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Saturday, April 13, 2013

Women In Animation: Jessica Borutski

NOTE: This post originally appeared on my Smudge Animation site on March 8th, 2011.

Jessica and the Star-nosed mole
My first experience with Jessica's delightfully quirky sense of humor and subversively cute character designs was her film 'I Like Pandas' which she showed on Channel Frederator. Since then, I've kept an eye on her work ranging from All Girl Arcade and Fairies and Dragons to her independent animation with her recently launched website: Foolish Kingdom (yes, I admit, I've spent lots of time playing 'Leaf Rider' and have two of her paper pandas on my desk). Jessica also worked on Dainty Production's trailer for last year's Ottawa International Animation Festival (one of the high points of the festival for me) which can be viewed on YouTube. Despite lots of near misses at the Ottawa Festival, I've never met Jessica in person. I basically 'cold-called' her with my blog request and found that she was happy to help out with lots of advice to future animators. I can't say enough good things about her. :)

So here's our first interviewee in this year's Women in Animation series, the bunny herself: Jessica Borutski.

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Q: What is your current job description?
A: Storyboard and Lead Character Designer

Q: How long have you worked in the animation industry?
A: 7 years

Q: What roles have you performed during your career in animation?
A: Animator, character designer, storyboard artist and colorist

Q: Is there a book or film that you worked on that you are particularly proud of?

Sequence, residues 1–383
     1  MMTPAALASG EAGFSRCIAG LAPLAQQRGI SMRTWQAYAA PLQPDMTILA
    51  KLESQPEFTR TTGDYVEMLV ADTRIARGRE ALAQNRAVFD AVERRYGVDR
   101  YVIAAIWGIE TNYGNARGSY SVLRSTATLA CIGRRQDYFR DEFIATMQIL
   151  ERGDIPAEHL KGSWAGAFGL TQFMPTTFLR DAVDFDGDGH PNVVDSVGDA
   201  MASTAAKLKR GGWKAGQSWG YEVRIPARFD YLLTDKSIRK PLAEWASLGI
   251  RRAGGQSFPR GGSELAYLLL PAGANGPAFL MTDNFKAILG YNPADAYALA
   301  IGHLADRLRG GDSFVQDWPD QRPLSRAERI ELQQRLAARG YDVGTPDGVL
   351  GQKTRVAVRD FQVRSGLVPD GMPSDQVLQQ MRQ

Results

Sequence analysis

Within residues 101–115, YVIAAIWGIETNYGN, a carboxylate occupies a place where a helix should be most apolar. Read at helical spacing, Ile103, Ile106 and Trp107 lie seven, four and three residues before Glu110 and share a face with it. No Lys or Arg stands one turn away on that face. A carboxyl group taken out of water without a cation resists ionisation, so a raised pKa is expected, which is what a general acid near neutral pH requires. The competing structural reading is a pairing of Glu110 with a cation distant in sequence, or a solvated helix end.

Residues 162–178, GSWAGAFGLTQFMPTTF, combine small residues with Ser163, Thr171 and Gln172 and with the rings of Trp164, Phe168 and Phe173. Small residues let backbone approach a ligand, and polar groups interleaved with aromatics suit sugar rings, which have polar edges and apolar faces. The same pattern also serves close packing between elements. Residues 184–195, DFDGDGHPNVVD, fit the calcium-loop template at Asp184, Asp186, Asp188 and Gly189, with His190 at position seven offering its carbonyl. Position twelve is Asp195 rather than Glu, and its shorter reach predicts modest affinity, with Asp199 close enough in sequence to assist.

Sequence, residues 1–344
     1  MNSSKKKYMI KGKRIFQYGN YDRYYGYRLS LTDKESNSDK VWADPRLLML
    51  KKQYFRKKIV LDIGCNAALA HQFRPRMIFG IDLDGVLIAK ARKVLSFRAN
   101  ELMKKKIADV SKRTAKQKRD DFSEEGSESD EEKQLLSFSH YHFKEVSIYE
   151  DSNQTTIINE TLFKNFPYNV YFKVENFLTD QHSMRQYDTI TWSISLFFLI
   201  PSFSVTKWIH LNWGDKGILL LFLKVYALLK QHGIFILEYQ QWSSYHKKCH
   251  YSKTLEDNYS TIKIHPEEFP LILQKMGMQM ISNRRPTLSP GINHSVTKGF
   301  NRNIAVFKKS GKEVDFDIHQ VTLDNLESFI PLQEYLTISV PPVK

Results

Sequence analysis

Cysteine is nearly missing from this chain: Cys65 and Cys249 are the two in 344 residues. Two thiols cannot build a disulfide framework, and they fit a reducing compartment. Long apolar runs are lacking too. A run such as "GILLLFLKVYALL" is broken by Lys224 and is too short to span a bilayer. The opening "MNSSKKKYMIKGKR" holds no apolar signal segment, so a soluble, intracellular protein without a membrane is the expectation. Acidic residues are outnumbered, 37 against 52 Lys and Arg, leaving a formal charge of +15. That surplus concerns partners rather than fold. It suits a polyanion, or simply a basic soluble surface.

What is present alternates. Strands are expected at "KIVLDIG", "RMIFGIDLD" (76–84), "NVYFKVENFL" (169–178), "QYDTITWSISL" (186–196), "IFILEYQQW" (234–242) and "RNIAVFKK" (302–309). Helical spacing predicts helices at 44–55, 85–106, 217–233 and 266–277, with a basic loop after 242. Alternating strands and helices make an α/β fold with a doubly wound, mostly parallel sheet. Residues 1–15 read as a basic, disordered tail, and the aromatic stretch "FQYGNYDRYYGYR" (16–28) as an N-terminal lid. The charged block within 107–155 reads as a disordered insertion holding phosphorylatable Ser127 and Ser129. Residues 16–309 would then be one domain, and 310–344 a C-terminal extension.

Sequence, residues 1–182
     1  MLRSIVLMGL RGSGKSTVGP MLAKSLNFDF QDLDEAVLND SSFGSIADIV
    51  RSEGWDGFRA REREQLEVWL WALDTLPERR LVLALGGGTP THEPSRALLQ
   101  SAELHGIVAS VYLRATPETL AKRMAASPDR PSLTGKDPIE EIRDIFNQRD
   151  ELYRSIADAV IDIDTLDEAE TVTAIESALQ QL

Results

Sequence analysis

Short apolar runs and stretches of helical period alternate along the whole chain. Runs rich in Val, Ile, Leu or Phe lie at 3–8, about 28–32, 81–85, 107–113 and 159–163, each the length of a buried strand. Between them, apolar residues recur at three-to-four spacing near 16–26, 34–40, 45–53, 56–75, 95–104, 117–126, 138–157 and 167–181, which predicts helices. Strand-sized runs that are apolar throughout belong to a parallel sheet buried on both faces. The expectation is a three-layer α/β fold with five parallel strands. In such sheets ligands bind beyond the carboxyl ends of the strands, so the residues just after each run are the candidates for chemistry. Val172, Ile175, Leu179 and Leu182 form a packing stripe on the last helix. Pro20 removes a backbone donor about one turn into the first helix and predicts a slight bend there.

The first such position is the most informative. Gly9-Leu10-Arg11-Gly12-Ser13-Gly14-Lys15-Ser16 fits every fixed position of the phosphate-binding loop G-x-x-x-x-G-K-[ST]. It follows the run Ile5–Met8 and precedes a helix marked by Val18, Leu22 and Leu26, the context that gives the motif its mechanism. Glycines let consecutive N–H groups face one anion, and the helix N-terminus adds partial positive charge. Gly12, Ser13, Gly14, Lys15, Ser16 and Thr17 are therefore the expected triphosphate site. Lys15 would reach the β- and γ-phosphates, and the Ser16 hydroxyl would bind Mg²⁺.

A: I am very proud of my work at Fuel Industries. All Girl Arcade and Mcdonalds Fairys and Dragons. Also I have redesigned the Looney Tunes which has been an amazing experience.

Q: How have opportunities changed for women pursuing a career in animation today as opposed to when you started your career?
A: I don't feel there has been a big change. It is a male dominated industry but I feel it's due to the nature of the job. More men are into cartooning. But I have noticed alot more students at Algonquin are female.

Q: What do you think is the biggest obstacle to women who want to pursue a career in animation?
A: I don't feel there is any obstacles. I feel men and women are treated the same in the industry. It's more about your artistic skill not if you're a man or a women.

Q: If your daughter said that she wanted to work in animation, what advice would you give her?
A: Work very hard at becoming a great artist. Study life and film. Take out of your environment and life things that excite you, and draw and make stories about it.

Q: What is the most important thing that authority figures (parents/teachers/professors) can do to encourage girls who are considering a career in animation?
A: Just keep drawing. If you love it you will get a job. People with a passion for animation will naturally do well because they practice it all the time. Always draw from life. Reference everything you draw. Never copy another artist's style, but be inspired and create your own unique style from your influences.

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* The image used in this blog entry is copyright Jessica Borutski and used with her permission.